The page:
Belarus Top Trading Partners

Belarus Top Trading Partners

by FlagLane.com

Belarus shipped US$23.4 billion worth of products around the globe in 2016. That figure represents roughly 0.14% of overall global exports estimated at $16.236 trillion one year earlier in 2015.

From a continental perspective, 82.9% of Belarusian exports by value are delivered to other European countries while 10% are sold to Asian importers. Belarus ships just 0.9% worth of its total exports to North America with 0.7% going to Africa.

Belarus Top 15 Trading Partners

Top 15

Below is a list showcasing 15 of Belarus’ top trading partners, countries that imported the most Belarusian shipments by dollar value during 2016. Also shown is each import country’s percentage of total Belarusian exports.

  1. Russia: US$10.7 billion (45.8% of total Belarusian exports)
  2. Ukraine: $2.8 billion (12%)
  3. United Kingdom: $1.1 billion (4.7%)
  4. Germany: $935.8 million (4%)
  5. Netherlands: $932.7 million (4%)
  6. Poland: $813 million (3.5%)
  7. Lithuania: $779.7 million (3.3%)
  8. Brazil: $444 million (1.9%)
  9. China: $399.3 million (1.7%)
  10. Kazakhstan: $361.5 million (1.5%)
  11. Latvia: $273.2 million (1.2%)
  12. India: $255.7 million (1.1%)
  13. Indonesia: $169.4 million (0.7%)
  14. Belgium: $155.9 million (0.7%)
  15. Bangladesh: $135.3 million (0.6%)

Almost nine-tenths (86.7%) of Belarusian exports in 2016 were delivered to the above 15 trade partners.

Indonesia increased purchases from Belarus at the fastest pace, up by 707.7% in value from 2009 to 2016. Bangladesh boosted its imports from Belarus by 485.5% while Belarusian exports to China appreciated 129.5%.

Which top trading partners decreased their import purchases from Belarus at the fastest pace? Latvia cut back on their import purchases by -83.5% while Belarusian exports to the Netherlands depreciated by -83.5%.

Deficits

As defined by Investopedia, a country whose total value of all imported goods is higher than its value of all exports is said to have a negative trade balance or deficit.

It would be unrealistic for any exporting nation to expect across-the-board positive trade balances with all its importing partners. Similarly, that export country doesn’t necessarily post a negative trade balance with each individual partner with which it exchanges exports and imports. Overall, Belarus incurred a -$4 billion trade deficit during 2016.

In 2016, Belarus incurred the highest trade deficits with the following countries:

  1. Russia: -US$4.3 billion (country-specific trade deficit in 2016)
  2. China: -$1.7 billion
  3. Turkey: -$638 million
  4. Italy: -$463.1 million
  5. Germany: -$381.3 million
  6. Poland: -$365.1 million
  7. United States: -$249.4 million
  8. Spain: -$199.8 million
  9. France: -$198.1 million
  10. Switzerland: -$141.6 million

Among Belarus’ trading partners that cause the greatest positive trade balances, only Belarusian deficits with Turkey (up 487.8%), China (up 87.4%) and Spain (up 22%) expanded from 2009 to 2016.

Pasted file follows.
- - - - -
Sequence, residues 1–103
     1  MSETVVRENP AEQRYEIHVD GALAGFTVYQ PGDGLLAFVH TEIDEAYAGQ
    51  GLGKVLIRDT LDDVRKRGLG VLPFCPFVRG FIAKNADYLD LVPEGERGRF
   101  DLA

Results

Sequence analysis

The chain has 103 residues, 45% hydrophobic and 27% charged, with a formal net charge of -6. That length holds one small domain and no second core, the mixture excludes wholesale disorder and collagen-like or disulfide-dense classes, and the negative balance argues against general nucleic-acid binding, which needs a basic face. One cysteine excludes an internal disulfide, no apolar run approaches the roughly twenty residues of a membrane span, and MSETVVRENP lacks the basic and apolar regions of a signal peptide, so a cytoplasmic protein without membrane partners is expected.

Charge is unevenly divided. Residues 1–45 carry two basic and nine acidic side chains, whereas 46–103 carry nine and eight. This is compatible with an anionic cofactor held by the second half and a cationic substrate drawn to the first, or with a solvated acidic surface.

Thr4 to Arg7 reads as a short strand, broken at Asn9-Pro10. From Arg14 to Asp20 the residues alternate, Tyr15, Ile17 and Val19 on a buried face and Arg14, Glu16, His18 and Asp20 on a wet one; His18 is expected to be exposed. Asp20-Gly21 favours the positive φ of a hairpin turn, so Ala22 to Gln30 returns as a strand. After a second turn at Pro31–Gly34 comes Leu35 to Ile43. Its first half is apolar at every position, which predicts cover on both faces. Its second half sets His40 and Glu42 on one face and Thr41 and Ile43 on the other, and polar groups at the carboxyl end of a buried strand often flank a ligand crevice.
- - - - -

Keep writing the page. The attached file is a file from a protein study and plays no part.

These cashflow deficiencies clearly indicate Belarus’ competitive disadvantages with the above countries, but also represent key opportunities for Belarus to develop country-specific strategies to strengthen its overall position in international trade.

Surpluses

Based on Investopedia’s definition of net importer, a country whose total value of all imported goods is lower than its value of all exports is said to have a positive trade balance or surplus.

In 2016, Belarus incurred the highest trade surpluses with the following countries:

  1. Ukraine: US$1.9 billion (country-specific trade surplus in 2016)
  2. United Kingdom: $945.4 million
  3. Netherlands: $724.2 million
  4. Lithuania: $515.8 million
  5. Brazil: $369.1 million
  6. Kazakhstan: $306.2 million
  7. Latvia: $203.2 million
  8. Indonesia: $149.6 million
  9. India: $126 million
  10. Bangladesh: $116.5 million

Among Belarus’ trading partners that cause the greatest positive trade balances, Belarusian surpluses with Bangladesh (up 529.6%), Ukraine (up 363.3%) and Lithuania (up 208.7%) grew at the fastest pace from 2009 to 2016.

These positive cashflow streams clearly indicate Belarus’ competitive advantages with the above countries, but also represent key opportunities for Belarus to develop country-specific strategies to optimize its overall position in international trade.

Companies

Companies Servicing Belarusian Trading Partners

Given that Belarus is an emerging economy, it should come as no surprise that no Belarusian corporation appears on the Forbes Global 2000 for 2015.

Wikipedia does list Belarusian export companies. Selected examples are shown below:

  • JSC Defense Systems (air defense manufacturer)
  • Minsk Automobile Plant (automobiles)
  • Olivaria (brewery)
  • TransAVIAexport Airlines (cargo airline)
  • Belkamunmash (electric public transport vehicles)
  • BelAZ (haulage, earth-moving equipment)
  • Velcom (mobile phones)
  • Minsk Motorcycle (motorcycles)
  • Beltransgaz (natural gas)
  • Belshina (pneumatic tires)
  • Byelorussian Steel Works (steel)
  • Minsk Tractor Works (tractors)


 
See also Belarus Top 10 Exports

Research Sources:
The World Factbook, Field Listing: Imports – Commodities, Central Intelligence Agency. Accessed on March 2, 2017

Trade Map, International Trade Centre, www.intracen.org/marketanalysis. Accessed on March 2, 2017

Investopedia, Net Importer Definition. Accessed on March 2, 2017

Wikipedia, List of Companies of Belarus. Accessed on March 2, 2017

Forbes 2015 Global 2000 rankings, The World’s Biggest Public Companies. Accessed on March 2, 2017